Bonus Devotional for August 2016!
When Solomon becomes king, he realizes just how much wisdom he will need to be a good ruler. So in today’s text Solomon asks God for the wisdom to lead, and God gives Solomon his wish. But even with God’s gift of wisdom, Solomon still manages to make a lot of mistakes along the way. Later we will see Solomon lose his throne because of some very foolish decisions. But here at the very beginning we already see the first problems appearing. In chapter 1 Solomon starts stockpiling chariots and warhorses from Egypt, even though this goes against the law. And in chapter 2 we see an even worse problem.
Solomon wants to build a temple for God, something to show off God’s great glory. Solomon thinks this is a good idea, and he has good intentions. But the way he goes about it is not good at all. He conscripts over 150,000 men and forces them to do this hard building work. When most of the people in Israel are already poor and struggling to support their families, it was a terrible burden to be taken away from their farms and businesses and children and to be a forced to do extra work for the king. 1 Kings 5 tells us that this is how Solomon treated the Israelites, making them work just like Pharaoh had made them work in Egypt. But here in Chronicles the writer tries to protect Solomon by saying that the king only forced foreigners to work like this. But that hardly makes things any better! If Solomon is oppressing foreigners in the land, then he really is like Pharaoh!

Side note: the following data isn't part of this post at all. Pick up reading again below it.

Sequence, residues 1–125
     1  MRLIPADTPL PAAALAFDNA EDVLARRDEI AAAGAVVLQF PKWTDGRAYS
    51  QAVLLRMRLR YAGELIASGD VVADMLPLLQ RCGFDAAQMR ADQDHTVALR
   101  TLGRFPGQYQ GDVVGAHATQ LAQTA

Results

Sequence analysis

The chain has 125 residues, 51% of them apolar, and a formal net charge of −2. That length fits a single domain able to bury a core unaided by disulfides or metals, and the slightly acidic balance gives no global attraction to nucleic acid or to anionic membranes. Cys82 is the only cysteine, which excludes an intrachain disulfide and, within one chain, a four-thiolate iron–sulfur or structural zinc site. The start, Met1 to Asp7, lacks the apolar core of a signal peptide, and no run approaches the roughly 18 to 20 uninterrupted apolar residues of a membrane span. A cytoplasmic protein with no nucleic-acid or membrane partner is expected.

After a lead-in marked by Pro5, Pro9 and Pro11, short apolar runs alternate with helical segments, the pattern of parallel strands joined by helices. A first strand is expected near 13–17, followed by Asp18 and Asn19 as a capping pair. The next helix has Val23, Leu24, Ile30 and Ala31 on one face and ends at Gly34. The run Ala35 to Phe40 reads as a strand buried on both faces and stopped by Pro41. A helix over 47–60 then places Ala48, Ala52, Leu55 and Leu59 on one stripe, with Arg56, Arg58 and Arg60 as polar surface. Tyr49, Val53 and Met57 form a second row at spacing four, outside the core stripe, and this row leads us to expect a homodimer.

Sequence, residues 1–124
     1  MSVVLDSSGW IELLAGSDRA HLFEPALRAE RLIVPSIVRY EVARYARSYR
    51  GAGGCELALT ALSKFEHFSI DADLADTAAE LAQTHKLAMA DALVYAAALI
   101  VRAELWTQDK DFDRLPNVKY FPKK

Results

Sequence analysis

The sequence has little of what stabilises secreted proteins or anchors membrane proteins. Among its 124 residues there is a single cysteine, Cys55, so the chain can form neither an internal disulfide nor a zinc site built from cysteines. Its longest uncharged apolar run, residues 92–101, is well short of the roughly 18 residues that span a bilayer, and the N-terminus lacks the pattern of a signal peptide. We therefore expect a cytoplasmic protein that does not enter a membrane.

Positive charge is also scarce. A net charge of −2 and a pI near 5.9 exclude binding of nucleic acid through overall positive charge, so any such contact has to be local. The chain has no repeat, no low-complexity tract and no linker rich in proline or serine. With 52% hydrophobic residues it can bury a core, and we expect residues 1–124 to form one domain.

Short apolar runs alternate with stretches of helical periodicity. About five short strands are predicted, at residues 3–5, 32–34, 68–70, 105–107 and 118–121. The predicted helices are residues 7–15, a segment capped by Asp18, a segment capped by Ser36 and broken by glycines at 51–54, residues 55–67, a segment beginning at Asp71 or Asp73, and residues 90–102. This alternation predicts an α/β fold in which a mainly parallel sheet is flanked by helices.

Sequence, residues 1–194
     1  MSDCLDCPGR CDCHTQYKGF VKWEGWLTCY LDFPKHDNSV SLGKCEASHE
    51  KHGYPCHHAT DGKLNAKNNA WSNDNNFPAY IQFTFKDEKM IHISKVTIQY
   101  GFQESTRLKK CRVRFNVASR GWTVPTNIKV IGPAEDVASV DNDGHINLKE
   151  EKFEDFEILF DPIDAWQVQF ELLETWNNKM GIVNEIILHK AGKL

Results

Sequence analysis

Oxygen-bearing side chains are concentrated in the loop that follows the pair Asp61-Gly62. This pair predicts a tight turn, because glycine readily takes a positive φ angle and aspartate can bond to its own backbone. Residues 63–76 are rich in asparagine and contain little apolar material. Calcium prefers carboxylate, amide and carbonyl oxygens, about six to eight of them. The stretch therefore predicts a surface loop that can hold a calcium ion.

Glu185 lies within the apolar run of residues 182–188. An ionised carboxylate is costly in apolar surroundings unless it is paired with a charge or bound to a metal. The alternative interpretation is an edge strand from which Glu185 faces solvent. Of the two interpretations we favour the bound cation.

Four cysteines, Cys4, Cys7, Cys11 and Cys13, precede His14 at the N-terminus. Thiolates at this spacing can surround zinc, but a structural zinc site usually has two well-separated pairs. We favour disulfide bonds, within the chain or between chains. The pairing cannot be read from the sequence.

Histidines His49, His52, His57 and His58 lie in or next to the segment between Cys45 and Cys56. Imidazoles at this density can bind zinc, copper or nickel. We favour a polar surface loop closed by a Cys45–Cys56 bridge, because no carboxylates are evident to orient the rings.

Solomon wanted to do something great for God, and build a temple. But in Jesus, God comes and personally condemns the temple. What will happen to Solomon’s great temple? Not one stone will be left on top of another!
Today we also often want to do good things for God. But Solomon’s example reminds us to be careful in our actions and really examine what we are doing. In our passion to serve God, are we hurting or oppressing others? Are we making their lives miserable? If we are, then can we really say we are serving the great God of love?
Pastor Stephen Lakkis